9 Reasons You May Want an Appointment With a Foot Doctor

9 Reasons You May Want an Appointment With a Foot Doctor

Chronic medical conditions such as diabetes or arthritis can cause foot and ankle problems, but even commonplace factors such as overuse or inappropriate footwear can cause pain in your feet. A podiatrist is a doctor who specializes in the diagnosis, treatment, and prevention of ailments and injuries involving the foot and ankles. Podiatrists provide a wide range of medical treatments for foot and ankle problems. They do surgery as well as diagnose and treat patients using conservative methods. The following are ten reasons to consult a podiatrist:

1. You have diabetes Diabetes greatly increases your risk of developing foot disorders. Diabetes raises the likelihood of getting ulcers and lesions that can become infected and can even result in loss of sensation in your feet. An experienced foot doctor should examine your feet at least once yearly if you have diabetes. Studies show that visiting a podiatrist regularly greatly reduces the risk of amputation due to diabetes complications.

2. You struggle with heel pain
Heel pain can have a multitude of causes. You can have a heel spur, which is a bony protrusion on the heel. On the other hand, the heel's connecting tendon could be irritated. Consult a podiatrist for a diagnosis if your heel pain lasts too long. Making an accurate diagnosis is the fundamental step in creating a proper treatment strategy.

3. You have ingrown toenails 
An infection might develop if one of your toenails becomes ingrown. This usually happens on big toes. A foot doctor can treat your toe if it is extremely red or starts to release pus. A portion of the nail may occasionally need to be removed. If the area is infected, your doctor may recommend antibiotics and may also suggest ways to stop an ingrown nail from recurring.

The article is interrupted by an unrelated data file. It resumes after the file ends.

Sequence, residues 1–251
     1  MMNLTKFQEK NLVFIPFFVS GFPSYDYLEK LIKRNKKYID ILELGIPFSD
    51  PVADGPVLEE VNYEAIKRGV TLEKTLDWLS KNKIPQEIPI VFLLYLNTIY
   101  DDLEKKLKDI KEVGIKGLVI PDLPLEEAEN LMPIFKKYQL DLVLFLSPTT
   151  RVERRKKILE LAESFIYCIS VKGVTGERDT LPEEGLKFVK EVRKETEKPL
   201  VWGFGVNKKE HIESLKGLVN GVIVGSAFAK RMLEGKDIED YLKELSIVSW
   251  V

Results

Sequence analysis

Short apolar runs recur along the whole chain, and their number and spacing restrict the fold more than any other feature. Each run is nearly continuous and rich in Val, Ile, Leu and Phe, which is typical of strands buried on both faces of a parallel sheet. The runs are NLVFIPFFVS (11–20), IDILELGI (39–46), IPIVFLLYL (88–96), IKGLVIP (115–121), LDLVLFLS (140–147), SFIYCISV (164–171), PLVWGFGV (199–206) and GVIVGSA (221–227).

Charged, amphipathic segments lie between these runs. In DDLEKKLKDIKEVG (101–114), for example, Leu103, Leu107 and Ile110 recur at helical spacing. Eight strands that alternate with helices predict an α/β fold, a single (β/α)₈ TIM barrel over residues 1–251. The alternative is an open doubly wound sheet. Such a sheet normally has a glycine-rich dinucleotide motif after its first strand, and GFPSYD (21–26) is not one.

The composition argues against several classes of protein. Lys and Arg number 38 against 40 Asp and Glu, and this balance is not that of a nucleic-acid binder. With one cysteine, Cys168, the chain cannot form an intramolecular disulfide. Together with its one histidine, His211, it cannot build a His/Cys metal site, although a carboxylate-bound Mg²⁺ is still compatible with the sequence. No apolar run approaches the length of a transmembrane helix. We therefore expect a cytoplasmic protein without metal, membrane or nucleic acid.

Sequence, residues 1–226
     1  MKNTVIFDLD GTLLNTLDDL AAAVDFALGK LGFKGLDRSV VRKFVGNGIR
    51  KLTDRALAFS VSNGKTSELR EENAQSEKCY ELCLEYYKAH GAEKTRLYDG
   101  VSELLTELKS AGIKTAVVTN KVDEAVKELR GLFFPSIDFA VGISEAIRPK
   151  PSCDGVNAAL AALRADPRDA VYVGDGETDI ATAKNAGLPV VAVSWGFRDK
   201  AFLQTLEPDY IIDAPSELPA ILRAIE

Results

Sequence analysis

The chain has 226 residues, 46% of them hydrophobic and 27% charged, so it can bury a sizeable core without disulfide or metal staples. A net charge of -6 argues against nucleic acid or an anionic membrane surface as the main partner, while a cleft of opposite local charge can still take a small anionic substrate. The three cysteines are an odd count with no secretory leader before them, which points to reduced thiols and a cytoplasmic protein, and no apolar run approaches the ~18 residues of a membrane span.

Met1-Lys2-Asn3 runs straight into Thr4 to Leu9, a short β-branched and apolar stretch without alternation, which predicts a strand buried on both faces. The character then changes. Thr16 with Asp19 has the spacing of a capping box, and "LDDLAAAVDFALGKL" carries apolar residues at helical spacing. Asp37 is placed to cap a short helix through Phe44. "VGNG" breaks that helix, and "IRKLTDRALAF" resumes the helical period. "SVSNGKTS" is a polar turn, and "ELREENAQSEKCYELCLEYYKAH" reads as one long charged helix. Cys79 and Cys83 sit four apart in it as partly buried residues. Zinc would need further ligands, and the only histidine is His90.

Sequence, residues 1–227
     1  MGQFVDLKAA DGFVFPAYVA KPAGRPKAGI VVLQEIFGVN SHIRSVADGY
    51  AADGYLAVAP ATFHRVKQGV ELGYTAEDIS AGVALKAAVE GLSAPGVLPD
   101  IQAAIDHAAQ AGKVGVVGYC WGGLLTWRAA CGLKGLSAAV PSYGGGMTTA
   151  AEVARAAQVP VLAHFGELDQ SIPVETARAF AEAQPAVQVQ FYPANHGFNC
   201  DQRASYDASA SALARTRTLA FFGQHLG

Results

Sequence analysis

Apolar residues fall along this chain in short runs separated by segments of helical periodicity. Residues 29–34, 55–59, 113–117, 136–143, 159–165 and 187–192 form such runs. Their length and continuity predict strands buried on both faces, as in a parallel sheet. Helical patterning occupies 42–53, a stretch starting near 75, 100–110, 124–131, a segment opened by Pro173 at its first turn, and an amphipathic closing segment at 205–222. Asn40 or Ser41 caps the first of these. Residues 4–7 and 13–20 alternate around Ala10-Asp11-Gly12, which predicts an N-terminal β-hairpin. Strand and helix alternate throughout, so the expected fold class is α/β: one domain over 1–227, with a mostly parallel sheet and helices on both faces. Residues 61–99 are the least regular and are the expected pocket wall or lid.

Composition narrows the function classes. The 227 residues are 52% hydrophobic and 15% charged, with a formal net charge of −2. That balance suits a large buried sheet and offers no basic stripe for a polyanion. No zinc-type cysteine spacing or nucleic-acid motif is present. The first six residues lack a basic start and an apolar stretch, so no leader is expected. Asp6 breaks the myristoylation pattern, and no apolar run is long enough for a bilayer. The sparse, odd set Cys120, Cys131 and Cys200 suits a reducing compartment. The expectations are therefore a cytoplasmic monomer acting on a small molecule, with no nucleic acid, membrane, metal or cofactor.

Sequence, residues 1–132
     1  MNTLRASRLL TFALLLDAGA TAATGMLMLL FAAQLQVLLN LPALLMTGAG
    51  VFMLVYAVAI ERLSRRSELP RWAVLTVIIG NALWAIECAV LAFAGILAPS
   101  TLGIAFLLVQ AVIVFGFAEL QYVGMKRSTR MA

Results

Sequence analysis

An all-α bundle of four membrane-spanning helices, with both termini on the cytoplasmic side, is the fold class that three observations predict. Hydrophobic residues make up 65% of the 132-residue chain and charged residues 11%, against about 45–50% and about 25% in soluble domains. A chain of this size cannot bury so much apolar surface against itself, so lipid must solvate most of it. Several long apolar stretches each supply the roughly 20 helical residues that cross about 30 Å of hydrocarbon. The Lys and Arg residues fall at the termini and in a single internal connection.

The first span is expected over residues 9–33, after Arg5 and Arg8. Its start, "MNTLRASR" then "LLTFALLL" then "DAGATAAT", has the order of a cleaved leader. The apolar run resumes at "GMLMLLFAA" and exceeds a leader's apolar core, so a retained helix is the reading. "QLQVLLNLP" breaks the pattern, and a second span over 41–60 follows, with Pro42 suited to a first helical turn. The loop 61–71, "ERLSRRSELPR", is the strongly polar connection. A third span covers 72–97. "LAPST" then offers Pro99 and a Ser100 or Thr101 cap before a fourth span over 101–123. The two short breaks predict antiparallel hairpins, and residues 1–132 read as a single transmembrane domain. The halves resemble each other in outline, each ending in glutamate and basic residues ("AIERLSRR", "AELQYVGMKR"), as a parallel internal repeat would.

4. You’ve started running for exercise 
Foot or ankle injuries or conditions are quite prevalent among those who are physically active. More specifically, shin splints and associated aches and pains are particularly common in runners. A podiatrist can examine your feet to identify any possible issues and offer preventative measures. Additionally, they can suggest the appropriate shoes for your foot type.

5. You have painful symptoms in your feet or ankles 
The disease known as arthritis has an impact on the long-term health and functionality of joints. Your feet may have swollen, red, stiff, or sore joints due to arthritis. Disability can also result from arthritis, which can alter how the feet function. A podiatrist can recommend treatment options that can maintain joint health and increase your ability to perform regular tasks.

6. You think you might have injured your foot or ankle 
Sprains, strains, and fractured bones in the foot or ankle are among the conditions that podiatrists are skilled at treating. They can identify your injury and provide effective treatments. Visit a podiatrist if you have swelling, difficulty walking, redness, or worsening pain due to an injury.

7. You require foot surgery 
Surgery is typically the last line of treatment recommended by a podiatrist. Bunions, hammertoes, recurring ingrown toenails, and fractured bones are some of the conditions that may necessitate a minimally invasive foot surgery.

8. You keep getting bothersome corns or calluses 
Some of the most frequent reasons patients visit foot doctors are corn and calluses. These built-up skin regions can hurt like walking on fire. Your doctor will usually use a surgical blade to reduce them in size. To help you avoid corns and calluses in the future, a podiatrist may advise wearing shoes that are appropriately sized, as well as padding and using skin softener.

9. You have a bunion that hurts 
A bump at the base of the big toe is known as a bunion. This problem happens when the big toe's bones or joints have shifted and are now misaligned. If bunions are not treated, they often worsen. Treatment options from a podiatrist may include padding, taping, or medications. In serious situations, surgery is another possibility.

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